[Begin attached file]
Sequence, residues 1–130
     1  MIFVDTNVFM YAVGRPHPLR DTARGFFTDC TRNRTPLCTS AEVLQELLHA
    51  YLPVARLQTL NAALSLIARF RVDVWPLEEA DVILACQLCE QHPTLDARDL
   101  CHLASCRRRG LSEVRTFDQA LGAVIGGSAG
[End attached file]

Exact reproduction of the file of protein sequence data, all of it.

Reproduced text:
Sequence, residues 1–130
     1  MIFVDTNVFM YAVGRPHPLR DTARGFFTDC TRNRTPLCTS AEVLQELLHA
    51  YLPVARLQTL NAALSLIARF RVDVWPLEEA DVILACQLCE QHPTLDARDL
   101  CHLASCRRRG LSEVRTFDQA LGAVIGGSAG